|Years: 2002 to 2005||Employer: Sural Aluminium||Title: Technical Manager||Department: Technical / Manufacturing||Responsibilities: Sural is now closed. It was based in a plant in Italy where ingots were melted and continuously cast and rolled into wire rod. Then there was a very large wiredrawing function which converted the rod into wire - also flat rolling for strip and a Conform machine for continuous extrusion. Expert worked between the mill in Italy and the wire plant in the United Kingdom, which was bought by Sural in 2002. Both plants have now closed.|
|Years: 1984 to 2002||Employer: British Alcan Wire||Title: Technical Director||Department: Manufacturing||Responsibilities: This was the same factory in Wales, United Kingdom and went through a variety of name including, British Aluminium Wire and British Alcan. He was responsible for (personally) designing production routes, quality systems, joint developments with customers, in-house quality training.|
|Years: 1977 to 1984||Employer: Aluminium WIre & Cable Company||Title: Production Engineer||Department: Manufacturing||Responsibilities: He was responsible for manufacturing improvements and design of process routes in the cable company, where PVC and XLPE power cables were produced. The plant has now closed.|
|Years: 1975 to 1977||Employer: Chloride Power Limited||Title: Laboratory Manager||Department: Product Testing||Responsibilities: Responsible for routines in a small test lab where rechargeable Ni-Cad batteries went through various regimes of charge and discharge. Later for troubleshooting in the factory. The plant closed in 1977.|
|Expert Witness Experience|
|Expert witness but not in trial proceedings. Expert works as a witness of testing for electrical utililities, visits suppliers to observe and comment on type-testing and sample-testing.|
|Training / Seminars|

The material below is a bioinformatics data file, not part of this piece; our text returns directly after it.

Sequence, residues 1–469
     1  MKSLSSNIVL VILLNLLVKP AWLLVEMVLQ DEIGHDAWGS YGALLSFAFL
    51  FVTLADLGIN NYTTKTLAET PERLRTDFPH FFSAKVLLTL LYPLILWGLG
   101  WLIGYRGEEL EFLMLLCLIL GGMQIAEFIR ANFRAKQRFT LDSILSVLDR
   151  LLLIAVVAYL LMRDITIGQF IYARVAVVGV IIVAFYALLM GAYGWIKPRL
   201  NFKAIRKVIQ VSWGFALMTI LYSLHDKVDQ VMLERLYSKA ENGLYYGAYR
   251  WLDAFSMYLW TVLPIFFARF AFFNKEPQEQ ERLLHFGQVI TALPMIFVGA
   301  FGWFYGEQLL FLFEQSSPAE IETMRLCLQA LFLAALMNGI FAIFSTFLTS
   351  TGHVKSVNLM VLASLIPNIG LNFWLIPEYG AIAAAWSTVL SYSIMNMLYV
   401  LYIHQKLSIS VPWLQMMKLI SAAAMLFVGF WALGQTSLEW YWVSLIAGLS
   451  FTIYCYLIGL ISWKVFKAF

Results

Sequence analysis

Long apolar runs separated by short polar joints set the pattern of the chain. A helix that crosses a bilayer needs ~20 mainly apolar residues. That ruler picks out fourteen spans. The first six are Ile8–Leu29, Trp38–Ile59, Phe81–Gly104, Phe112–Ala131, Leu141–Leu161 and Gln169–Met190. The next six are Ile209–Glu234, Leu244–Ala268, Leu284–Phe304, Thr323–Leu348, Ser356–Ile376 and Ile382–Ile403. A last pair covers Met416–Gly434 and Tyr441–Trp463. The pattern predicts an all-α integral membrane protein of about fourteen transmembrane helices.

|Developed a training course in aluminum wire production for companies which work in other industries but want to work in aluminum wire.|
|A great deal of expertise in finding customers for suppliers or suppliers for customers in the wire industry. Not surprisingly, end-users seem to buy from the same vendor by habit - they go to Expert if they want to change - this means on an international basis.
Similarly, rod mills are always looking for new markets or customers and they work with Expert to move into slightly new fields.
|Expert is a on-stop-shop for people in the aluminum wire / rod / casting area. He knows all of the players in all of the countries.|
|Other Relevant Experience|
|He is very good in spoken and written German, able to make presentations in that language. Also good in written Italian (some spoken) and French (also some spoken.) He is a truly international person and travels for almost half of the year.|
Fields of Expertise
aluminum, aluminum rolling, aluminum strength, aluminum die drawing, aluminum drawing, wire, aluminum metallurgy, aluminum wire, electric conductor, electrical wire metal alloy, electrical wire, high-voltage wire, ground wire (conductor), aluminum application, aluminum welding filler alloy, thermal spray aluminum, aluminum corrosion resistance, aluminum corrosion, galvanic protection, aluminum bar, aluminum material selection, corrosion-resistant aluminum coating, wire drawing lubricant, aluminum forging, aluminum sputtering, aluminum production, fine wire, aluminization, gas-metal arc aluminum welding, aluminum powder, aluminum brazing filler alloy, mechanical spooling, aluminum hardness, high-purity aluminum, aluminum melting, aluminum forming troubleshooting, aluminum stamping, aluminum formability, conduction, aluminum welding